Your Rights as a Student Under the Family Educational Rights
It is the policy of Indiana State University that all practices
and procedures related to the education records of students shall be in accord with the provisions
of the Family Educational Rights and Privacy Act of 1974, as amended. This policy has been
implemented by the development of guidelines for record keepers and a listing of the education
records on campus. Both the guidelines and the listing are available for review by students as
indicated below. The following questions and answers provide an outline of students’ rights under
Q. As an enrolled student at Indiana State University, what rights do I have regarding my
A. You have the right to inspect and review all your records that meet the Act’s definition of
Q. What is the definition of “education records”?
A. Education records are all records maintained by the University about you.
There are seven exceptions:
Personal notes of Indiana State University staff and faculty.
Employment records of all employees whose employment is not dependent upon student status.
Medical and counseling records used solely for treatment.
Records in the Public Safety Department.
Financial records of your parents.
Records that contain only information relating to a person after that person is no longer a
student, such as alumni records;
Confidential letters and statements of recommendation for admission, employment, or honorary
recognition placed in your records after January 1, 1975, for which you have waived the right to
inspect and review.
Q. Is there any situation in which the University may insist that I waive my rights?
A. Under no conditions may you be required to waive your rights under this Act before receiving
University services or benefits.
Q. Where are my records kept?
A. Records are not maintained in a single location on the campus. Requests to review your records
must be made to each of the offices that maintain your records. In some instances you may be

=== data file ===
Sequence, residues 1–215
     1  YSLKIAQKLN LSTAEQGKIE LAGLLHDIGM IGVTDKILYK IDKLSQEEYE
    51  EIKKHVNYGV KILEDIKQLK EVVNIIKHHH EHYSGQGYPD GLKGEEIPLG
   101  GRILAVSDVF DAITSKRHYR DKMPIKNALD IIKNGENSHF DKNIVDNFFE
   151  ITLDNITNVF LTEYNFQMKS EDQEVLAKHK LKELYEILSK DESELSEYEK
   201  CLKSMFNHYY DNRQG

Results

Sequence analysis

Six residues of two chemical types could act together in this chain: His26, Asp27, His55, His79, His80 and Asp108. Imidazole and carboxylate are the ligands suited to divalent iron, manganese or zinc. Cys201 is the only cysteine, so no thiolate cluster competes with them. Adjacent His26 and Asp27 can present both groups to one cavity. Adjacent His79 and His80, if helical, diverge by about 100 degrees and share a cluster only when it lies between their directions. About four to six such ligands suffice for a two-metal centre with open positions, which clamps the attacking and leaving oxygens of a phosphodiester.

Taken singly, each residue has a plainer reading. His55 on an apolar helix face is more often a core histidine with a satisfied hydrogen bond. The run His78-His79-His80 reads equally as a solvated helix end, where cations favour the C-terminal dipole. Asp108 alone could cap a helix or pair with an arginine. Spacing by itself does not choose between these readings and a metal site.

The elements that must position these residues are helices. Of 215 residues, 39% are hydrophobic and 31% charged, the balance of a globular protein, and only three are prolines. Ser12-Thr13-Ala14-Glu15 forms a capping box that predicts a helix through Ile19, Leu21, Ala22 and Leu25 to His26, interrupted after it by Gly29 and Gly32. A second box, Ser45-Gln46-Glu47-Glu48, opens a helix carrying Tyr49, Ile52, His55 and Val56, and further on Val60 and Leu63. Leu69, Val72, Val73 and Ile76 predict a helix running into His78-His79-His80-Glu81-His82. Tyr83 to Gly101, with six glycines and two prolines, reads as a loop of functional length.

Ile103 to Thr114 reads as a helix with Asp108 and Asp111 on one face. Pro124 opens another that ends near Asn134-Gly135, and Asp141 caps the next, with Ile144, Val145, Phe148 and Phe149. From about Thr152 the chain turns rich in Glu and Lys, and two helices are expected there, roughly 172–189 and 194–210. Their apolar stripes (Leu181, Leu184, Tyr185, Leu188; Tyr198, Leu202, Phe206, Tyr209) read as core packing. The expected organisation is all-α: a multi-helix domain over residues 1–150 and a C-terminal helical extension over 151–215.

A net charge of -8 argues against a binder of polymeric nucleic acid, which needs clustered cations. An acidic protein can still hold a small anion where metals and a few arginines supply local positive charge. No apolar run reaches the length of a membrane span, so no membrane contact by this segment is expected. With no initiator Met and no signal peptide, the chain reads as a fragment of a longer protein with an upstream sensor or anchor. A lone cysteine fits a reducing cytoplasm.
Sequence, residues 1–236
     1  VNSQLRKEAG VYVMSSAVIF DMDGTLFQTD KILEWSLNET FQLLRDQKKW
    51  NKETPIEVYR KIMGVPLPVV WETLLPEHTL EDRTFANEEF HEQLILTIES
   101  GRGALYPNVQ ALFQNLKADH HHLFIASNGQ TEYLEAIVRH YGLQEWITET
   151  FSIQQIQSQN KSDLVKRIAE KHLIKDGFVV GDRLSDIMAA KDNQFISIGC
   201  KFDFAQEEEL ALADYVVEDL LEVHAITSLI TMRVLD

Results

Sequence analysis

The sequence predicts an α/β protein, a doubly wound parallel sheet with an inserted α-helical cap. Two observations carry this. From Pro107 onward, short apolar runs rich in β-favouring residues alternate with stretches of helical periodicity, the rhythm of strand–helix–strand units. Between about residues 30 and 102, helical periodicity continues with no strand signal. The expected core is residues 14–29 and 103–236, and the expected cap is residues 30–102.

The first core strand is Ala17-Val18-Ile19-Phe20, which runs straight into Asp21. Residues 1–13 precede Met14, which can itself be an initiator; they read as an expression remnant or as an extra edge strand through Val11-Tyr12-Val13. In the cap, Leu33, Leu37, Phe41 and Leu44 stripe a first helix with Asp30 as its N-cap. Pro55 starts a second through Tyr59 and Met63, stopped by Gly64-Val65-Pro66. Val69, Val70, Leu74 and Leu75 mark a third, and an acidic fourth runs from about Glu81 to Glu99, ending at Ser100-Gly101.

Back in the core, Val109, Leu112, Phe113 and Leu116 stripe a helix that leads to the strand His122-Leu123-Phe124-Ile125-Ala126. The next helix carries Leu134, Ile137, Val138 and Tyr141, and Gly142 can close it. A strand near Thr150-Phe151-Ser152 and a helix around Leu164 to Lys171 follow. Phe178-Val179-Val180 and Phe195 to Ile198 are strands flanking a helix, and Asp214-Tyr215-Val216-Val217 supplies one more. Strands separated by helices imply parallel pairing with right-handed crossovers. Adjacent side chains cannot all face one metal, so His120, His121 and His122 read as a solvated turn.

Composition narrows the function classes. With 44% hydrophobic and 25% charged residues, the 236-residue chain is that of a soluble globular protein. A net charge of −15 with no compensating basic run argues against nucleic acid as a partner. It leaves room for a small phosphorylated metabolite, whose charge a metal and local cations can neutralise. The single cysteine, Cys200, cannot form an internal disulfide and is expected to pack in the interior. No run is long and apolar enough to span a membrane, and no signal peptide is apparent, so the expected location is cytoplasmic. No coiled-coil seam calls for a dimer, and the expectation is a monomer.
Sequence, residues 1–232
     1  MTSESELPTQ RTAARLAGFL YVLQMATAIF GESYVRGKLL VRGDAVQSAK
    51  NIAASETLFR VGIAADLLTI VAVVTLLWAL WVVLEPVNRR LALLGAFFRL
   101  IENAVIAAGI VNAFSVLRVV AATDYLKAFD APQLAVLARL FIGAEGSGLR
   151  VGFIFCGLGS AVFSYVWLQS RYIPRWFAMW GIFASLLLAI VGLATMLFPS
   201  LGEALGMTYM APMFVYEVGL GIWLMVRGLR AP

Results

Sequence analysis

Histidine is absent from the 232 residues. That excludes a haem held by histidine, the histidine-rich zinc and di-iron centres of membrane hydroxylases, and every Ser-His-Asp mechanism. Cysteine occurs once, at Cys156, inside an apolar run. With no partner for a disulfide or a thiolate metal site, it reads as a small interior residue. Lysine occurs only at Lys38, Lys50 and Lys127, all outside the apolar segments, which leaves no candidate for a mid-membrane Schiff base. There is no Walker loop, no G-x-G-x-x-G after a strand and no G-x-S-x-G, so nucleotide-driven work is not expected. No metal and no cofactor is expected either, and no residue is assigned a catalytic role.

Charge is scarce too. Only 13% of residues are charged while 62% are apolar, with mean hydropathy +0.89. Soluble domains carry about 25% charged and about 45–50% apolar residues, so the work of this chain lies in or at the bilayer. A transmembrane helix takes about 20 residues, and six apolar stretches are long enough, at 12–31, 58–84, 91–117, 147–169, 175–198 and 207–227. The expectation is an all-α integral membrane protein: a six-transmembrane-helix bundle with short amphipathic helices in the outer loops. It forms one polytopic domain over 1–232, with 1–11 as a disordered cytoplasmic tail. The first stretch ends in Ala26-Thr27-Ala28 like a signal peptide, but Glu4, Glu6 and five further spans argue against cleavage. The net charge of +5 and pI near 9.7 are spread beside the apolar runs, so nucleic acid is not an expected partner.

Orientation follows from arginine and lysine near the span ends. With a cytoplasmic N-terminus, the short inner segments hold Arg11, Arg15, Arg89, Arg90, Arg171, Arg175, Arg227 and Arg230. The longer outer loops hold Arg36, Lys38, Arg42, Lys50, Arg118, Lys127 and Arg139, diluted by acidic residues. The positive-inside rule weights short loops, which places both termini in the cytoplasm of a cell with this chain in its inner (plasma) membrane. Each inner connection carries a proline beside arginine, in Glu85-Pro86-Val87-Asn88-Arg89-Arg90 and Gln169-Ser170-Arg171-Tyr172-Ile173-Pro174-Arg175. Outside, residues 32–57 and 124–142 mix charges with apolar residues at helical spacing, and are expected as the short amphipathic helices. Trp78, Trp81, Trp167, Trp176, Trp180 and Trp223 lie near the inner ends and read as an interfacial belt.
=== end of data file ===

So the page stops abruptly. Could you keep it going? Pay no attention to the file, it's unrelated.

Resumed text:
required to submit in writing your request to review a record; the Act allows up to 45 days for
honoring such a request. Most likely you have education records in the Office of Registration and
Records, the dean of your college, your major department, and any other campus offices with which
you have been involved such as the Student Academic Services Center, Student Financial Aid,
Residential Life, and Student Judicial Programs. A list of the kinds of education records maintained
on campus, their location, and titles of personnel responsible for those records is a part of the
University policy for implementation of this Act and is available in Parsons Hall, room 203.
Q. What if I do not agree with what is in my records?
A. You may challenge any information contained in your “educational records” which you believe to
be inaccurate, misleading, or inappropriate. This right does not extend to reviewing grades unless
the grade assigned by your professor was inaccurately recorded in your records. The first step in
challenging the record is to request of the record-keeper or the person responsible for placing the
data in the record that the record be amended. If the request to amend the record is denied, you
may file a request for a hearing; a hearing officer will be appointed; and a decision will be made.
If the record is not amended as a result of the hearing, you may insert in the record an explanation
of your reasons for believing the record to be inaccurate, misleading, or inappropriate. The explanation
becomes a part of the record until the record itself is destroyed, and the explanation you have written
is included every time the contents of the record are disclosed. You also have the right to file complaints
with the Family Educational Rights and Privacy Act Office, room 4511, Switzer Building, 400 Maryland Avenue SW,
Washington, D.C. 20202.
Q. May I determine which third parties can view my education records?
A. Under the Act, your prior written consent must be obtained before information may be disclosed
to third parties unless they are exempted from this provision. These exemptions include:
Requests from Indiana State University faculty and staff with a legitimate educational
“need to know” (except employees of the Public Safety Department).